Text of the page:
We talk a lot about global warming, and its consequences but nothing prepares you for something so monumental, so seemingly huge and timeless, to quietly disappear. There was no great splash, like we see when the ends of massive glaciers break off and fall into the ocean. It just melted away, leaving behind only memories in the minds of the few of us who had stumbled around in the mist, and who were blessed by the wondrous views as we skied across the endless dome of snow and ice. Hazen Ice Cap — gone but not forgotten... R.I.P.
For further information about this, see: http://nsidc.org/monthlyhighlights/2016/02/the-sad-tale-of-the-st-patrick-bay-ice-caps/
Survival of the Unfit
12/10/2015 06:17 pm ET Updated Dec 10, 2016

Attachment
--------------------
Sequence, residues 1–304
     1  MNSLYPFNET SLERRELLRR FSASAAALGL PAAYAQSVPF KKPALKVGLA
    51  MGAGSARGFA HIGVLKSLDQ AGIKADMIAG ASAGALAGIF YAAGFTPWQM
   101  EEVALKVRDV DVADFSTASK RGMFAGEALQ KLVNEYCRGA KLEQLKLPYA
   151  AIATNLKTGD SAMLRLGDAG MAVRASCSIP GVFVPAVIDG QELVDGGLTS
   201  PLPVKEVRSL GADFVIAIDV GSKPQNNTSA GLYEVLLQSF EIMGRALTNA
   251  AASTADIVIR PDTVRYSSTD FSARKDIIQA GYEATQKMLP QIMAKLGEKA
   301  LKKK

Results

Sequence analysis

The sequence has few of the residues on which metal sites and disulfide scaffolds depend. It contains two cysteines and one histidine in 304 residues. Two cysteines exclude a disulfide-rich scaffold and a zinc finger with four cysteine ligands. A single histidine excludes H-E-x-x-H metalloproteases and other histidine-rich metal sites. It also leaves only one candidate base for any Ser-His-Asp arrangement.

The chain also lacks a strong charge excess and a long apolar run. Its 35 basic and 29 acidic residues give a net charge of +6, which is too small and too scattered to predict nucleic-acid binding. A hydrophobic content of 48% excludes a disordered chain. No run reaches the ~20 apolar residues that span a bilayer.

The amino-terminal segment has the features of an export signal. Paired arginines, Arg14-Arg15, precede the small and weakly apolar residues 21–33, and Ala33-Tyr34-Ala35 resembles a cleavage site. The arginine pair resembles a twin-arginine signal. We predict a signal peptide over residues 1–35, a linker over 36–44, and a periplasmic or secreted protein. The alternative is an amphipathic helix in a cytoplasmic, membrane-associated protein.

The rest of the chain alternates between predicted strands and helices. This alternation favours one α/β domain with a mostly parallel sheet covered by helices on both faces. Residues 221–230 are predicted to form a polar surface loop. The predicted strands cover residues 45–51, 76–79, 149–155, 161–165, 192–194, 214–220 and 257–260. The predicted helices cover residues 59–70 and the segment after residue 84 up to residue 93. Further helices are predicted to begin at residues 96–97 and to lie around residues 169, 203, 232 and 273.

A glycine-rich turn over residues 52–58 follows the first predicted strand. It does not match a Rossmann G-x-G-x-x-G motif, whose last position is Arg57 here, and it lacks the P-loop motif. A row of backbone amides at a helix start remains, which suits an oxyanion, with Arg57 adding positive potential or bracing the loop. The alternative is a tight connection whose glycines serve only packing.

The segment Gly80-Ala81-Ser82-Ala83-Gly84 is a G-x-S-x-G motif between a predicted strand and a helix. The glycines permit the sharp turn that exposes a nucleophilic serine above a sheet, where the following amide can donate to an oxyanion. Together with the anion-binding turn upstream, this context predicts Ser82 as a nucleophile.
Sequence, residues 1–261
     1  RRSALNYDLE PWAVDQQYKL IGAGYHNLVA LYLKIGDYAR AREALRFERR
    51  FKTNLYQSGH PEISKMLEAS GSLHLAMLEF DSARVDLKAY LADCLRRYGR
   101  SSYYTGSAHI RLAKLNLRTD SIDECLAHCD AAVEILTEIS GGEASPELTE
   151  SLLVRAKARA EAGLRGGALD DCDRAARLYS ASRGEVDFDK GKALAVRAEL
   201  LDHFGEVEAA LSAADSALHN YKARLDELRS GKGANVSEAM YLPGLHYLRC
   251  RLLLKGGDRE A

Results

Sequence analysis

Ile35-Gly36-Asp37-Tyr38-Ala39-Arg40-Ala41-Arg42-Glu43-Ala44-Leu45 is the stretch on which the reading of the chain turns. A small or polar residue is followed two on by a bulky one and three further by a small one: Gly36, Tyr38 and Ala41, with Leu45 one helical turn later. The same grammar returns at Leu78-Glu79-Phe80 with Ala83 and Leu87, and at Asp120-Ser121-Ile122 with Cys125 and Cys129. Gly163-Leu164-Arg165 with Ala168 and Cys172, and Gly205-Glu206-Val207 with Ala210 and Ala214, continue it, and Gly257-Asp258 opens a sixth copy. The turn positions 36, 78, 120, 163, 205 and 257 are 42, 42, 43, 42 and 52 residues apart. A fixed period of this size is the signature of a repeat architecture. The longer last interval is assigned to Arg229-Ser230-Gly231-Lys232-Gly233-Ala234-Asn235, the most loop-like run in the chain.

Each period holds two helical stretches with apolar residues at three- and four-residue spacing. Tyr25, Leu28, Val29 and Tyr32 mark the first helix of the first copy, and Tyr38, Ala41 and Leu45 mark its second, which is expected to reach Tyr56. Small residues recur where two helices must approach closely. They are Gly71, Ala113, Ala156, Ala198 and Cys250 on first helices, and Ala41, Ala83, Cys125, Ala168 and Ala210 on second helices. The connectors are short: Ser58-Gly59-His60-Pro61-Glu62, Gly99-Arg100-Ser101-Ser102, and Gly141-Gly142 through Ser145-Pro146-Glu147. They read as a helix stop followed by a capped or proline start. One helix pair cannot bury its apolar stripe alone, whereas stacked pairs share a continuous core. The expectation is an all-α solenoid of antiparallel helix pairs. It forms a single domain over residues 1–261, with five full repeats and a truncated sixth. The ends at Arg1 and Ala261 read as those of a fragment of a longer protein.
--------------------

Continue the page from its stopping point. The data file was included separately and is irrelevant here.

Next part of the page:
You could (perhaps) be forgiven for misunderstanding the scientific process if you were Chairman of some obscure Congressional committee dealing with say, taxation or waste management. But it is surely not too much to expect that the Chairman of the House Committee on Science, Space and Technology --Congressman Lamar Smith — should understand how science works. To recap, scientists carry out their research, discuss results with colleagues, write up their results and submit them for publication. The editor of the scientific journal then sends the paper to (generally anonymous) referees who evaluate the research, provide critical comments and return the paper for any required revisions. If these are addressed adequately, the journal editor may decide that the paper is acceptable and then it is eventually published. It’s not rocket science. Well, actually — it could be rocket science... but then it would still fall under the purview of the Science, Space and Technology Committee. But apparently, Rep. Smith does not grasp the complexities of this process (despite the fact that there are none). He seems to think that it can be somehow fixed, manipulated or rushed for political reasons. He is fixated on the notion that scientists are water carriers for the White House, crushing dissent and forcing editors to publish Obama-friendly screeds. The possibility that some authors might be Republicans who disagree with the current administration policy has apparently not crossed his mind. Not content with sending subpoenas to NOAA climate scientists who published an update on global warming (in Science, the prestigious journal of the American Association for the Advancement of Science) Rep. Smith has polished off his own climate science credentials and advised NOAA scientists what they should have done to make their study acceptable. Writing in the Washington Times, he argues that satellite data should have been used rather than surface observations, since “satellite data are considered by many to be the most objective”. Can this be the same Lamar Smith who introduced a spending bill to cut the NASA earth observations satellite budget by $300m? And who proposed to cut the NSF Earth Sciences budget by 30%? Yes, indeed it can, which demonstrates that hypocrisy is an essential trait to be a successful politician (in case you did not know that). Given that Lamar Smith was trained as a lawyer, his extensive background in climatology amounts to...well, nothing actually.